Glitches and Lag
WARP is a very simple looking game, so seeing lag is quite unusual. In any case, in my experience, I found the game to lag during more “intense” moments. Things like hitting a checkpoint, would result in a slight slowdown. Additionally, a few more active locations would lag if you introduce too many new elements. This was the case for me when I had to get past three turrets. I was trying to make a path with barrels, but they just wouldn’t line up right. After getting a few barrels on screen, the frame rate would start to become quite dodgy. Some areas are better than others, though it was a common occurrence.
Beyond the lag, the game has some glitches. Since some later stages are very tedious, you’re more goal oriented. I found myself occasionally glitching enemies in walls and such. This happened next to one of my checkpoints, which almost required me to restart the whole game over the repeated deaths.
Finally, it would seem that the leaderboards either syncs poorly/rarely or is glitch prone. Many challenges show no one with a clear time and others missing times. According to the game, only one person has apparently completed it. I can tell you for a fact I also have, although I’m still listed as “no time”. Many of my scores are vastly inaccurate and even one of my scores from nearly a day ago isn’t listed.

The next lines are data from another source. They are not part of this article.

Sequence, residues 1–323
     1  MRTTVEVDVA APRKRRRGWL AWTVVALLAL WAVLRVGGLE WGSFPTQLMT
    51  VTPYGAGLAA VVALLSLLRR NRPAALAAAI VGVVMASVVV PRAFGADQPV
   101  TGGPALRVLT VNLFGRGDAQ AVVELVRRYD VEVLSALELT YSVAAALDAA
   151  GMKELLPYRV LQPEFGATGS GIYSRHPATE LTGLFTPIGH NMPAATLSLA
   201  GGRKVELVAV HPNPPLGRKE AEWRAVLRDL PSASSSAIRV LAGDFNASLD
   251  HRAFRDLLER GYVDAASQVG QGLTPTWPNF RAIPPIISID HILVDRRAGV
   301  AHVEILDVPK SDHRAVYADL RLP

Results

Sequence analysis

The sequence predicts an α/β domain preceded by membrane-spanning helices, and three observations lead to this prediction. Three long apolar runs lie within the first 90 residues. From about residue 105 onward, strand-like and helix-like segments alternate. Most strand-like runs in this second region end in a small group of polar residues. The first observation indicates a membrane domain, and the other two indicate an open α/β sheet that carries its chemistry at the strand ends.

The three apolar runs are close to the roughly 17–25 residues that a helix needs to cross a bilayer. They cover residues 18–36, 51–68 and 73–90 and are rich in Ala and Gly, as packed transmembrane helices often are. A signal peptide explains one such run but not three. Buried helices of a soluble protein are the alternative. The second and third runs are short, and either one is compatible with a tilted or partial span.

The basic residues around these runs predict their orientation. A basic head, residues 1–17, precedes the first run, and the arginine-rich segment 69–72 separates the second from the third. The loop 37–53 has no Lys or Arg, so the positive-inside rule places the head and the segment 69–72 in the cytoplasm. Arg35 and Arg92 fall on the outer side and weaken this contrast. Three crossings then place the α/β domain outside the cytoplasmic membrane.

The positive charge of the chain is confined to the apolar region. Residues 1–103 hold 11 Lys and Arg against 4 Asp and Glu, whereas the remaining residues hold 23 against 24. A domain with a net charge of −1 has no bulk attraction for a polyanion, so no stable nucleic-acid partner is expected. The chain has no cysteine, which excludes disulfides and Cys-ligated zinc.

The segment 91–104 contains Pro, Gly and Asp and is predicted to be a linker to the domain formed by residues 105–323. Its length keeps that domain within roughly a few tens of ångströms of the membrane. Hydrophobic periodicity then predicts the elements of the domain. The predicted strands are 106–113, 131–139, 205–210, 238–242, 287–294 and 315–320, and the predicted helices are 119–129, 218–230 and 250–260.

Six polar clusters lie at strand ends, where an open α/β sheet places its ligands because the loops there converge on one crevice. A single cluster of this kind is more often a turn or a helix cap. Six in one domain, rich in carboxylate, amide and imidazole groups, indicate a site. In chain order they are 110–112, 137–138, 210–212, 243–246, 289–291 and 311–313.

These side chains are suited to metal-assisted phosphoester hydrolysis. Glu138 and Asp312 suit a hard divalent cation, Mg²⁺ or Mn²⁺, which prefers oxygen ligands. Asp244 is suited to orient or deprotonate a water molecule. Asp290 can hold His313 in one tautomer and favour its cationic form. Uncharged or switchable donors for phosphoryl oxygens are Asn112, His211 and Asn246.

Poor Gameplay Design / Controls
WARP suffers from cookie cutter gameplay. Once you figure out how a mechanic works, it becomes a go to move. Many of the missions cycle similar objectives, coupled with the same locals, with the same basic end result. How you play will affect the staleness to a degree, though you’ll most likely experience this at some point. Thankfully, there are unique puzzles, though there are far and few between.
As mentioned earlier, stealth is required to survive. However, as time progresses, it becomes harder to remain stealthy. For instance, on the last floor I tried to swap with a turret. Moving my echo over his line of fire, will result in it dying and moving him out of range, will cause it to disappear. Now when you go to swap, it’s the same input as warp. This means if something kills your echo, then Zero will perform the action. It became a common occurrence to fail these events, and then kill myself because I was trying to swap. This happens in other regards and will become annoying at more difficult parts.